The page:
How to Use Organic Pesticides


When you decide to grow your own vegetables and fruits, you'll be learning about nature, getting some fresh, good-tasting foods right in your own backyard, and perhaps saving a bit of money. The health benefits of fresh produce are undisputed, so you probably will want to use more natural methods to control the insects and other creatures that like to eat the fruits of your labor. From sprinkling iron phosphate granules for snails to spraying insecticidal soap on aphids, organic pesticides are safe and effective.

Using Organic Pesticides

Step 1

Control aphids and other soft-bodied sucking insects with a spray of insecticidal soap. You can purchase ready-made insecticidal soap at garden supply stores or make your own: Mix 1 tbsp. of a mild dishwashing detergent with 1 qt. of water in a plastic spray bottle. Spray your plants as soon as you notice curling or yellowing leaves and discover small green insects, often on the undersides of the leaves. Be sure to thoroughly saturate the plant and repeat spraying every other day until all of the insects are gone. Spray after the area is shaded to prevent sunburned leaves.

Step 2

Treat scale insects, small armored insects that suck the liquid from plants, with a combination of insecticidal soap and canola oil. Mix one tablespoon of mild dishwashing detergent and one tablespoon of canola oil with one quart of water in a plastic spray bottle. The soap will kill young, soft-bodied scale insects and the oil will smother the older, armored insects. Spray every other day until you see no more insects. You can also hand pick scale and squash them.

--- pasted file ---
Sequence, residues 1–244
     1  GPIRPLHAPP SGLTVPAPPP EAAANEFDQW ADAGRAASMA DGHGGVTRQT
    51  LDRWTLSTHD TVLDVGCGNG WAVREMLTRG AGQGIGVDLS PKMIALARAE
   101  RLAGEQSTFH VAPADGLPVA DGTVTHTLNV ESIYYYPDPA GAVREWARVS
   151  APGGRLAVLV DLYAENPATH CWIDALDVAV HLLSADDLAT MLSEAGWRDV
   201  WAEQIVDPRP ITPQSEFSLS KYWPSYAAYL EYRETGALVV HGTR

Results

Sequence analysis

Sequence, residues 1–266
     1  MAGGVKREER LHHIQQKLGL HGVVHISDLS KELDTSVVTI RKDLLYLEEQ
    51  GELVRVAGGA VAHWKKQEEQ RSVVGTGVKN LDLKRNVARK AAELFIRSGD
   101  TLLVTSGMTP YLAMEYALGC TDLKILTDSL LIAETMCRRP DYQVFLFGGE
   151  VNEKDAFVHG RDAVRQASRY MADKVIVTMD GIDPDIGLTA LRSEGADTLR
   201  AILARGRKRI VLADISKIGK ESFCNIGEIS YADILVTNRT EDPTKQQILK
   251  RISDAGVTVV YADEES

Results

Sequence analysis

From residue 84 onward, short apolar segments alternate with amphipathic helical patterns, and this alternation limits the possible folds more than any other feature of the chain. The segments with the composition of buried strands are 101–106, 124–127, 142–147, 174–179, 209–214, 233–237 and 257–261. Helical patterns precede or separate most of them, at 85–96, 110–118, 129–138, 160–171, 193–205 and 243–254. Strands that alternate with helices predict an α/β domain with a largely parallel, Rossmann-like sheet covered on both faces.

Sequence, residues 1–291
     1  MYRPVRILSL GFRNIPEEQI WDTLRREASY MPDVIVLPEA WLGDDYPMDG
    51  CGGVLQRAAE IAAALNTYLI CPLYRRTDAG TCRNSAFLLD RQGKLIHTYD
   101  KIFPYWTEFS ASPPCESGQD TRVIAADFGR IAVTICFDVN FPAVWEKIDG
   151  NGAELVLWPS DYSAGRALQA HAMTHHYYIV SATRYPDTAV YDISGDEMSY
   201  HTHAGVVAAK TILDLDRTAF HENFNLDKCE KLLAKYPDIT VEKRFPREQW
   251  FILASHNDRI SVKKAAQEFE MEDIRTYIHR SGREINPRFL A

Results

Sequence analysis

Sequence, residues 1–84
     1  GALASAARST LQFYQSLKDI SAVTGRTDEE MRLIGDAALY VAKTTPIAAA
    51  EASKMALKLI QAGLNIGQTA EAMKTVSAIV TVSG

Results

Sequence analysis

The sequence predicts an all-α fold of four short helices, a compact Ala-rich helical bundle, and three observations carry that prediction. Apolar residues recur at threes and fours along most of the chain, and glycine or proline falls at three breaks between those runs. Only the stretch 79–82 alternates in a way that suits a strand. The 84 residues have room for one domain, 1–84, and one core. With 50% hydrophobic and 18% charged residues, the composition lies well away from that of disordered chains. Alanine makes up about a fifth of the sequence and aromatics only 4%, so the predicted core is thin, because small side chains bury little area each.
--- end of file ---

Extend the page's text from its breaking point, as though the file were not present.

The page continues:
Step 3

Sprinkle iron phosphate granules around your planting beds to kill snails and slugs. This product is marketed under the brand name "Sluggo." Iron phosphate is a natural soil ingredient and is toxic to snails and slugs. Another helpful product for these destructive creatures is diatomaceous earth. This substance comes from fossilized aquatic plants and is a siliceous mineral that has very sharp edges on its tiny particles. Snails and slugs simply cannot crawl over it. Scatter a ½ inch thick layer of diatomaceous earth around the borders of your susceptible garden beds. Diatomaceous earth also deters sawflies, flea beetles, twig borers, coddling moths, cockroaches, earwigs and ants.

Step 4

Dust plants for caterpillars, grubs and worms with Bacillus thuringiensis (Bt). This product is a natural bacterium that lives in soil and is toxic to many crawling larvae that can decimate a small plant in no time. Large worms, such as the tomato hornworm, might not die after you dust your plant with Bt, so if you can find them, hand pick and squash larger worms.

Step 5

Apply a ring of Tree Tanglefoot around the lower stalk of plants to keep ants away. Although ants do not harm the plant, they bring insects such as aphids and scale so they can feed off their sweet excretions. The insects that ants "farm" do harm your plants, so by keeping ants away, you can proactively prevent other harmful insects.

Tips and Warnings

  • Always follow label instructions for pest control products, even if they are organic.

Things You'll Need

  • Insecticidal soap (purchased)
  • Mild dishwashing liquid
  • Water
  • Spray bottle
  • Canola oil
  • Iron phosphate granules
  • Diatomaceous earth
  • Bacillus thuringiensis (Bt)
  • Tree Tanglefoot


  • Organic Crop Improvement Association

Who Can Help

  • Pest Products: Sluggo Slug and Snail Bait
  • GH Organics: Diatomaceous Earth
  • Tanglefoot: Tree Tanglefoot Pest Barrier
Keywords: organic gardening, pesticides natural, vegetables snails, aphids scale

About this Author

Barbara Fahs lives on Hawaii island, where she has created Hi'iaka's Healing Herb Garden. Fahs wrote "Super Simple Guide to Creating Hawaiian Gardens," and has been a professional writer since 1984. She contributes to Big Island Weekly, Ke Ola magazine, GardenGuides and eHow. She earned her B.A. at UCSB and her M.A. from San Jose State University.